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A Closer Look

A Schlupfloch Here, a Schlupfloch There. Now It’s Real Money.

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A Closer Look

Examining the news

Allan Sloan

I’ve written about tax loopholes for decades. But recently, I wrote about Schlupflöcher for the first time, in a venture that shows how journalists can be as multinational as investment banks. We just make a lot less money.

What does Schlupflöcher mean? I’m glad you asked. It’s German for “loopholes.” Which is the topic that Cezary Podkul of ProPublica and I wrote about last week. We showed how German tax law allowed American mutual fund investors, American fund companies and (naturally) American investment banks to all profit at the expense of German taxpayers.

Podkul and I conservatively estimated the revenue loss to the German treasury (and the gain to everyone else) at about $1 billion a year, but tax mavens in Germany whom I talked with after our article appeared think that the real number is $3 billion, if not more.

This particular tax game, “dividend arbitrage,” is played in more than 20 countries, with Germany by far the biggest market.

Podkul and I decoded dividend arbitrage by using confidential documents that ProPublica obtained, and by going multinational and coordinating research with German broadcaster ARD and the Handelsblatt newspaper in Düsseldorf.

Our German partners — including Pia Dangelmayer of ARD, who was a Burns fellow at ProPublica’s New York headquarters — handled much of the German reporting. Podkul and I worked the American end.

Serving our differing markets, Podkul and I wrote a U.S.-centric version for The Washington Post and ProPublica, while ARD and Handelsblatt stressed how Commerzbank, rescued by German taxpayers during the financial crisis, was helping drain revenue from the German

treasury. Podkul and I found the irony of the Commerzbank connection irresistible, but we didn’t dwell on it. Or on the fact that the German government still owns 15 percent of Commerzbank and has two seats on its board.

As a result of the uproar stirred by our partners’ coverage in Germany, Commerzbank promptly promised to stop doing dividend arbitrage in Germany and elsewhere. “Div-arb,” as it’s known, is now being denounced publicly in Germany. Legislation that would make the div-arb game too risky and expensive for German institutions to play now seems likely to be enacted reasonably soon.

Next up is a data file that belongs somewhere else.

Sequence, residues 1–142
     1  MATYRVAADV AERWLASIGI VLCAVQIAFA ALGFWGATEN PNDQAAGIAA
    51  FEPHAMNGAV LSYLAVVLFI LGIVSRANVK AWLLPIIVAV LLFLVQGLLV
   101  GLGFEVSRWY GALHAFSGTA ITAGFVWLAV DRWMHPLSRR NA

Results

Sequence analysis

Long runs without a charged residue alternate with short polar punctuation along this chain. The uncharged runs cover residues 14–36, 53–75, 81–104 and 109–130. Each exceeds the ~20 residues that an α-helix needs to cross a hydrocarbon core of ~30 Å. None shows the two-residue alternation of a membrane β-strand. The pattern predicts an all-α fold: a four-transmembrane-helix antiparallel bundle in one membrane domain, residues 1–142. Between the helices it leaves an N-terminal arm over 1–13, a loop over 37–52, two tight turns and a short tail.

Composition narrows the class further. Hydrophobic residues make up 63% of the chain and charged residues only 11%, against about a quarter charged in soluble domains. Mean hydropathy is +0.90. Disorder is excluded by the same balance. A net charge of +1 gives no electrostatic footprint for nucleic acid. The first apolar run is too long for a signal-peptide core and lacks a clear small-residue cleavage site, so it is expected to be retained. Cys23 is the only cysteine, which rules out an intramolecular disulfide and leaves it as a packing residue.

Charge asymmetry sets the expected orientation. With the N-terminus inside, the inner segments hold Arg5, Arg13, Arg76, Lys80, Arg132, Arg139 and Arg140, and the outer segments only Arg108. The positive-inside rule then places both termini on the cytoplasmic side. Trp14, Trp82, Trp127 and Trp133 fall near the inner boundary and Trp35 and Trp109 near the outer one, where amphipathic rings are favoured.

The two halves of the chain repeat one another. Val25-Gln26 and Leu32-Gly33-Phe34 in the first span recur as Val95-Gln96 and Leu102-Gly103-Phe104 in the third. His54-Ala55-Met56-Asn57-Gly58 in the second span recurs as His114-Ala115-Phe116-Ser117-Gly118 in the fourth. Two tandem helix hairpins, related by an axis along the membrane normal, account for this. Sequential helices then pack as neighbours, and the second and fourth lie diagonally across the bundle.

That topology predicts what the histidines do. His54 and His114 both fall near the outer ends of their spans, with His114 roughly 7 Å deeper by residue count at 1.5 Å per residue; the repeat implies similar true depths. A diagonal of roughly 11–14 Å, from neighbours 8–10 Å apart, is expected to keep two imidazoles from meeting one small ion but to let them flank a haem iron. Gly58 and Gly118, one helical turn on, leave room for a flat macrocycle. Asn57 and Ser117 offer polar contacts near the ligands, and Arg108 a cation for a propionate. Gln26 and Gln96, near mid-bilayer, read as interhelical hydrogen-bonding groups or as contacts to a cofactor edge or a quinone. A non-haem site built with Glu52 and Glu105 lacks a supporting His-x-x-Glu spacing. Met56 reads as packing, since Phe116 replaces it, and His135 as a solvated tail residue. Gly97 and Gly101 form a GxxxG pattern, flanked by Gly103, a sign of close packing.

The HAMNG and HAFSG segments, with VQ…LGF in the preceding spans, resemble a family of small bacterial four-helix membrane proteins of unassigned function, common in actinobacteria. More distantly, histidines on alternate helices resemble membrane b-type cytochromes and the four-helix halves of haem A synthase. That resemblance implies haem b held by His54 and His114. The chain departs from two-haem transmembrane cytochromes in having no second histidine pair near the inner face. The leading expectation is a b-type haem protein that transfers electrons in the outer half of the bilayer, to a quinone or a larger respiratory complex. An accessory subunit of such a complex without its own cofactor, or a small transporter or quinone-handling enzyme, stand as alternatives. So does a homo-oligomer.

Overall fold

If you’re not a German taxpayer — which I’m not, and most of the people who read this aren’t — should you care about any of this? Absolutely.

First, the tale of how dividend arbitrage works and how we unraveled it in a multinational way shows how strange and wonderfully convoluted the world can be. Second, you can bet that the strategists who devised dividend arbitrage are exploiting the U.S. tax system in ways that we just haven’t found yet.

I’ll give you the short version of how dividend arbitrage works in Germany, because even thinking about the long version makes my teeth hurt.

Dividend arbitrage — which was knocked out in the United States by tax law changes in 2010 — works in Germany because taxes are withheld on the dividends German companies pay, and because German tax law treats different shareholders in different ways.

Some shareholderswho pay German income tax can get credits for withheld dividend taxes, or even get refunds. Other shareholders, like sovereign wealth funds or U.S. mutual funds that don’t pay German income tax, have to kiss that withheld tax goodbye. The taxes range from 15 percent for U.S. funds to 25 percent and more for certain other investors.

So middlemen enabled shares of German companies to migrate briefly from holders who can’t use credits generated by the withholding tax to those who can. The long-term holder, the short-term holder and the deal makers combine to carve up the withheld tax, leaving nothing for the German treasury.

Wall Street Stock Loans Drain $1 Billion a Year From German Taxpayers

Carefully timed deals help big money managers skirt dividend taxes in 20 countries, confidential documents show. Read the story.

How Div-arb Works

Here’s how big investors shuffle shares around to avoid paying the tax. Learn more.

In the transactions that Podkul and I dissected, the long-term holder got about half the pot, the other players got the rest.

Because of public outrage and corporate embarrassment provoked by journalists obtaining access to confidential documents, one Schlupfloch (the singular for ‘loophole’) in Germany seems on the way to being closed. With luck, the same will happen in some of the other countries where dividend arbitrage is still under way.

I would like to think that someday U.S. taxpayers will become as outraged as German taxpayers have become and that corporate players and their enablers will be as embarrassed as their German counterparts.

If enough anger and embarrassment ensue, maybe we can close notorious U.S. loopholes such as “carried interest” (which lets some money managers pay lower, capital gains taxes on their share of investors’ profits) and “corporate inversion” (which lets corporations desert the United States for tax purposes while remaining here to benefit from what our country has to offer).

I’m not counting on that happening. But a year or two ago, no one was counting on the dividend arbitrage loophole in Germany being closed. German taxpayers lucked out. Maybe U.S. taxpayers can, too. And on that note, I bid you, “Auf Wiedersehen.”

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